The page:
Friday, January 18, 2019

Review of "The Princess Who Lost Her Hair: An Akamba Legend," retold by Tololwa M. Mollel

Review of
The Princess Who Lost Her Hair: An Akamba Legend, retold by Tololwa M. Mollel ISBN 0816728151

Five out of five stars
 The Akamba people live in East Africa near the equator. They live on a plateau and their lives are very dependent on the seasonal rains that take place in March to June as well as in October to December. If the rain does not fall, then crops, livestock and people suffer the consequences. Like so many legends of people that live this lifestyle, this one is about the lack of rain.
 The setting is a kingdom where there was a princess with the loveliest hair in the world. It formed a long train that was held by her handmaidens as she walked the palace grounds. One day, a colorful bird asked her for a small amount of hair in order to make their nest. When the princess refused, the bird promised retribution and flew away.
 When bad weather arrived, it took up the princess’ hair and none of the palace wizards or wise men could find a way to end the drought. A young beggar boy dreamed of a solution, so he took some beans and a calabash of water and set out on a journey to solve the problem. When faced with creatures that needed food and water, he provided them from his meager stores. At this point, the bird regained his form, announced that he had passed the tests and as a consequence of his actions, rain returned to the kingdom.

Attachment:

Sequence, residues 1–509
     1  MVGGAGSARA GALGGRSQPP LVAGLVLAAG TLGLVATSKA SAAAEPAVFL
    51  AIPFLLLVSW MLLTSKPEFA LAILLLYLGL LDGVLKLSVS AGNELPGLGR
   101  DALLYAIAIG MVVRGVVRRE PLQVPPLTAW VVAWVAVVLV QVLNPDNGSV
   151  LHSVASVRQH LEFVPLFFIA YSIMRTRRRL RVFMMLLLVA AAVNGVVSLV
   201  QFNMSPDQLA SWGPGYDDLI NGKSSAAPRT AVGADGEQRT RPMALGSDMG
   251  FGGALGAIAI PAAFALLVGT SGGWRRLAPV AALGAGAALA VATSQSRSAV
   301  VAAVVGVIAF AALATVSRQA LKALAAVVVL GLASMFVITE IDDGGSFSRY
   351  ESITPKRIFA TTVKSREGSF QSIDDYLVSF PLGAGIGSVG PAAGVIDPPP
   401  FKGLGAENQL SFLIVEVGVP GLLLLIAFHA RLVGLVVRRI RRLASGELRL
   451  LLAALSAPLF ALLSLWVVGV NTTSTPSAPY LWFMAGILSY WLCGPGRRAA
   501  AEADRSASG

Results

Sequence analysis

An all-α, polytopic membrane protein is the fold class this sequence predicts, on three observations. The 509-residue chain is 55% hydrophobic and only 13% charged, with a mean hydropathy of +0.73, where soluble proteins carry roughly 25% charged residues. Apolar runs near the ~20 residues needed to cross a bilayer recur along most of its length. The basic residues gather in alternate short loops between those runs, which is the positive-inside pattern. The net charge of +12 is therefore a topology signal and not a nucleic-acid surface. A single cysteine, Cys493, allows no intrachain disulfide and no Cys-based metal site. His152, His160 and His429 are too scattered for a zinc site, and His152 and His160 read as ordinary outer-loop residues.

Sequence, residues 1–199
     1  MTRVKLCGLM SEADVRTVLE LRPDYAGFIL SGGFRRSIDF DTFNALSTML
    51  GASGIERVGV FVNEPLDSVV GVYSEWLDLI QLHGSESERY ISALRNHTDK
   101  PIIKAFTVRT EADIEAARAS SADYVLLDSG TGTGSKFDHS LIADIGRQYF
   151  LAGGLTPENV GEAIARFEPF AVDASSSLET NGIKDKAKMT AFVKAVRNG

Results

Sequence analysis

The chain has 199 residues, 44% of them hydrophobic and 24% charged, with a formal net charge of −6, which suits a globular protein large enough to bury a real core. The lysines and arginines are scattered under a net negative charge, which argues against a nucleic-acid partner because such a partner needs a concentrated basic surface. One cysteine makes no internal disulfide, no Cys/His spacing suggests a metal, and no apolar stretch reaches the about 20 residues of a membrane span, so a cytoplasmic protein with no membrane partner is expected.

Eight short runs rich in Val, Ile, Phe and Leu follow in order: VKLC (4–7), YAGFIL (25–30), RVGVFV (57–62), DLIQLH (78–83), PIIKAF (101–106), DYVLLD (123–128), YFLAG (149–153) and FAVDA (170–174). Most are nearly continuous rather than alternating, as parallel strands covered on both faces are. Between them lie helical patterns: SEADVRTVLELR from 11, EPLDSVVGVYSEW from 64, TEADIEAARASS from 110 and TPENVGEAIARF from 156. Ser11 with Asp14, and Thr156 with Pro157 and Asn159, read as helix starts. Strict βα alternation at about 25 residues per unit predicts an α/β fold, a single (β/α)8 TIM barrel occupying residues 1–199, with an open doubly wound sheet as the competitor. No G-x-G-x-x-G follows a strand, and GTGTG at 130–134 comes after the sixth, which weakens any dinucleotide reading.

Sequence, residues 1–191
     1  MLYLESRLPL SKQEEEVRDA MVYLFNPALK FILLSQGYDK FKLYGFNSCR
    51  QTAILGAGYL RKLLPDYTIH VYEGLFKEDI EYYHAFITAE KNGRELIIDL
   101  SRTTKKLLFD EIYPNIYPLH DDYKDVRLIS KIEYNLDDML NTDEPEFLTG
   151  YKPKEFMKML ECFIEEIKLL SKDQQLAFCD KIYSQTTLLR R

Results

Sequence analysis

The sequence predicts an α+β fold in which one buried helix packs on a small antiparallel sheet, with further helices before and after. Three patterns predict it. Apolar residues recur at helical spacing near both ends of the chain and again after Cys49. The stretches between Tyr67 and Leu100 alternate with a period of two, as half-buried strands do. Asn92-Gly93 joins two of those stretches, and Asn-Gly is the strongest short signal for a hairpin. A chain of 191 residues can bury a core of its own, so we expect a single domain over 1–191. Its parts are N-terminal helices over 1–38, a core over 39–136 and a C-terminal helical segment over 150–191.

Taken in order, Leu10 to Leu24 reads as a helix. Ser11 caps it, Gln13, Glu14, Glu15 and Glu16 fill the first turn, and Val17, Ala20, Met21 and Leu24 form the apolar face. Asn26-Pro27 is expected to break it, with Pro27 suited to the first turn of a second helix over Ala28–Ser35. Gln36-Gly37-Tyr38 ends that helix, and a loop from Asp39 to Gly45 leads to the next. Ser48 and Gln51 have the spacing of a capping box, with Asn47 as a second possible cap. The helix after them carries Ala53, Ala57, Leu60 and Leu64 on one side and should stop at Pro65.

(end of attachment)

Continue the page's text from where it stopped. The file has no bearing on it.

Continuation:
This story is similar to fairy tales of other lands, where a magical creature is first spurned, with dire consequences for the land. Only when a resident proves their worthiness is order restored and the land returns to normal. It is a good lesson of humility and sharing, even when there is little available. For you never know when a good deed will be returned many times over.

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